When any nation opens fire on aircraft from one of the superpower nations there is always cause for international concern.
On Tuesday 23 July, the South Korean government stated Republic of Korea Air Force (ROKAF) its F-15 and F-16 fighters had fired around 360 warning shots towards a Russian Beriev A-50 (NATO – Mainstay) airborne early warning and control (AEW&C) aircraft which entered, on at least two occasions it is claimed, a South Korean air defence identification zone near to the disputed Dokdo islands (also known as the Liancourt Rocks and Takeshima) in the Sea of Japan. Japan also claims sovereignty of the islands.
Although the A-50 is the only aircraft to have been fired upon, it was not alone. Russian and Chinese air forces were conducting what they have described as a joint long range air patrol over the Sea of Japan. The mission reportedly comprised two Russian Tupolev Tu-95 (NATO – Bear) strategic bombers and two Chinese Xian H-6 (NATO – Badger) bombers, with additional support being provided by the Russian A-50 early warning aircraft and a similar Chinese aircraft, a Shaanxi KJ-2000 (NATO – Moth). Both of the bombers are capable of deploying nuclear weapons/cruise missiles.
While both Russian and Chinese forces have conducted exercises together in the past, this new joint air patrol is out of the ordinary and many observers believe it was designed to sow uncertainty among Americas traditional allies in the region. President Trump’s respect for North Korean leader Kim Jung-un and the cancellation of joint exercises for a while was not popular in South Korea. Japan too has a territorial island dispute over the Kuril Islands (Russia) or Northern Territories (Japan), just to the north of Japan. The Taiwanese government must also regard the increasing military cooperation of Russia and China with a sense of dread, as its independence is guaranteed by the strength of the US Navy’s carrier capability.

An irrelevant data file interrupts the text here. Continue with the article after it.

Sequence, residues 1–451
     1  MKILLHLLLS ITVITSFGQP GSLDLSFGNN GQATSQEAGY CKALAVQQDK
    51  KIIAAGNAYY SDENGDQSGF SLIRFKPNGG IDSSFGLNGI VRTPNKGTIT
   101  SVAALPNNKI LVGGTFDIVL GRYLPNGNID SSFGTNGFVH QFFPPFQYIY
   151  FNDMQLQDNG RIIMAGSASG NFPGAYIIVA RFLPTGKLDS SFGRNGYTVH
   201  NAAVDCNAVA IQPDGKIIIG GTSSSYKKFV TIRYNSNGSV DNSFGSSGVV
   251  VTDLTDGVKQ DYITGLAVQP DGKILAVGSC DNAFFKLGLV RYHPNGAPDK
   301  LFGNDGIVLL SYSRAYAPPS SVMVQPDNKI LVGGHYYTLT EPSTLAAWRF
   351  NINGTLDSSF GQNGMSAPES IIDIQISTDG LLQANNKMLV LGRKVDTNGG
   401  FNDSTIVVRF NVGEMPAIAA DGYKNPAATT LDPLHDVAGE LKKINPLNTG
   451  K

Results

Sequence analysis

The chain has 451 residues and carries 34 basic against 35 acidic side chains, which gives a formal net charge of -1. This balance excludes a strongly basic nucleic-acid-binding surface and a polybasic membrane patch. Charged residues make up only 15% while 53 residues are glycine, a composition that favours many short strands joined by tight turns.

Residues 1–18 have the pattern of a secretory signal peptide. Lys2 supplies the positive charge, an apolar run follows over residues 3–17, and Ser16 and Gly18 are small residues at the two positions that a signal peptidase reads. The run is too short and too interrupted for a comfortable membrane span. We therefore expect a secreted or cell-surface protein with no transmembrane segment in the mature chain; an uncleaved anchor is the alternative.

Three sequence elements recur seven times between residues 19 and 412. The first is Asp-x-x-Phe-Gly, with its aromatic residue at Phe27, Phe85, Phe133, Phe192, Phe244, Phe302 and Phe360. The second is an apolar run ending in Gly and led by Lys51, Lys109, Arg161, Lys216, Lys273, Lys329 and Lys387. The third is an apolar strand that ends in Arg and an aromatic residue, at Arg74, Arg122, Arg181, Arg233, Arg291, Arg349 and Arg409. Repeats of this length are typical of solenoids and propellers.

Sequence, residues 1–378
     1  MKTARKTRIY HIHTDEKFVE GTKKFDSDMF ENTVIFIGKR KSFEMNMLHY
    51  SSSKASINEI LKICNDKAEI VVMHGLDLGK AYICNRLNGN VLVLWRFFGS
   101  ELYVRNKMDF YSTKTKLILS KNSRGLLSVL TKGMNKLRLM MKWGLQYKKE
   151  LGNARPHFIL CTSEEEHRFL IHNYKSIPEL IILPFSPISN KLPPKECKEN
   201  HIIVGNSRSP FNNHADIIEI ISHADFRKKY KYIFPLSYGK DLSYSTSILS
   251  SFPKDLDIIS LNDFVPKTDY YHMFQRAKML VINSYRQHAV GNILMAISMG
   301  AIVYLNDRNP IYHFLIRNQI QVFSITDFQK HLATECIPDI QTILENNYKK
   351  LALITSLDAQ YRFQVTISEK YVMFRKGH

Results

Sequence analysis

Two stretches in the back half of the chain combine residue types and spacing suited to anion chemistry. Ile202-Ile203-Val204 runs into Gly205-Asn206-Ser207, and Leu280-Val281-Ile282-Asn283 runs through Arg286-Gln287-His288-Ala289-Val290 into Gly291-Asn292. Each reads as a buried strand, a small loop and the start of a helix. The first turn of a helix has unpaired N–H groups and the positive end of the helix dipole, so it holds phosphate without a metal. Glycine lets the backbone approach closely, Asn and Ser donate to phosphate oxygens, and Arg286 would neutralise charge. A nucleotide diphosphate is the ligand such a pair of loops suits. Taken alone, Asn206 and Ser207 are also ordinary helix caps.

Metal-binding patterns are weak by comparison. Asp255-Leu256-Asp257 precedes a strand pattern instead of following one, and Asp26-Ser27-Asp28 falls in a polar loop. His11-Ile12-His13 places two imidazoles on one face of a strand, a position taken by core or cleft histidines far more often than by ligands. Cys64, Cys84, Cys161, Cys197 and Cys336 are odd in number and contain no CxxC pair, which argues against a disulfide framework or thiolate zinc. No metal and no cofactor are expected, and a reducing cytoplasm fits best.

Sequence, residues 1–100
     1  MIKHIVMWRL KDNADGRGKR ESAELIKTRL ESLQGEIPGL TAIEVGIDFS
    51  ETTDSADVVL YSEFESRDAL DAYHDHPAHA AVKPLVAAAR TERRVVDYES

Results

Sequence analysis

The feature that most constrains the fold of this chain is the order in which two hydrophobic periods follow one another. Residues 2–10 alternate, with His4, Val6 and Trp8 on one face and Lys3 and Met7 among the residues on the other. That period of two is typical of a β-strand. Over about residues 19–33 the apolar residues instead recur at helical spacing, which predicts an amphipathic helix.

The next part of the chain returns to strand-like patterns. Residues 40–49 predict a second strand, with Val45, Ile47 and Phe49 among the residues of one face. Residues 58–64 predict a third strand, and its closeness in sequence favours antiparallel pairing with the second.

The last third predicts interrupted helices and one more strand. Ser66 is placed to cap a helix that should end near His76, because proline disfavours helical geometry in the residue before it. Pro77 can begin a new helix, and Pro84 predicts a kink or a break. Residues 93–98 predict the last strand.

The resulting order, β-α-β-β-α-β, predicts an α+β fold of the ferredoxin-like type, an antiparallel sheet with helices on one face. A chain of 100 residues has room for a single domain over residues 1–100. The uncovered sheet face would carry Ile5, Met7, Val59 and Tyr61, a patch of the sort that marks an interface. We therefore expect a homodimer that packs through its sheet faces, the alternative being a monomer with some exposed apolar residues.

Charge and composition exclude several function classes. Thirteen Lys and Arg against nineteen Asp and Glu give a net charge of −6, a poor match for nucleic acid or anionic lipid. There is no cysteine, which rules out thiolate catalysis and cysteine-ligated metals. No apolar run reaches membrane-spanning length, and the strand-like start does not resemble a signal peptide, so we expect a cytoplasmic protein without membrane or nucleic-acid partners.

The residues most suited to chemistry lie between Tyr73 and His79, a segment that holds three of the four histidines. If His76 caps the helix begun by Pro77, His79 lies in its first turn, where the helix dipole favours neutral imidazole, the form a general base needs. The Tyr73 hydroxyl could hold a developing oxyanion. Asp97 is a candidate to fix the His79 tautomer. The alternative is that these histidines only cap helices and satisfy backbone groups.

But this is another sign of the ramping up of global military cooperation and patrolling by these two superpowers – the governments of which are closer now in terms of military cooperation than they have been for many decades. The Chinese People’s Liberation Army Navy (PLAN) is already in the Mediterranean Sea where, in 2017, it conducted live firing drills before heading to the Baltic Sea to join the Russian Navy in the first ever exercise there between the two countries, Joint Sea 2017 (Joint Sea 2019 was staged across the East China Sea and Yellow Sea).
Planners in Moscow and Beijing must be looking around the globe at areas where future military ‘exercising’ could take place. The PLAN now has an established naval support base (its first overseas) in Djibouti in the Horn of Africa. This offers a launchpad for joint exercises into the Arabian Sea and further into the Indian Ocean.
Russia’s backing of Venezuela’s past President Nicolás Maduro earlier this year, against his rival and declared new President Juan Guaidó, was also endorsed by China. With Russia having staged military air force exercises from Venezuelan airfields – two TU-160 bombers landed there in December 2018 – there is the potential that a future joint exercise could be staged through Venezuela, potentially going into the Caribbean Sea. Would this a red-line for the US (think the reasons behind the Cuban Missile Crisis of 1962)?
The concern to many western strategists will be how to counter this new global challenge. While the US and other nations, notably the United Kingdom with its legacy or Empire, have roamed the globe with their navies seemingly at will, there is now a push building up from two strategic opponents who seem to have the appetite to compete on the world stage as equals – if not more.
by Andrew Drwiega (Editor-in-Chief)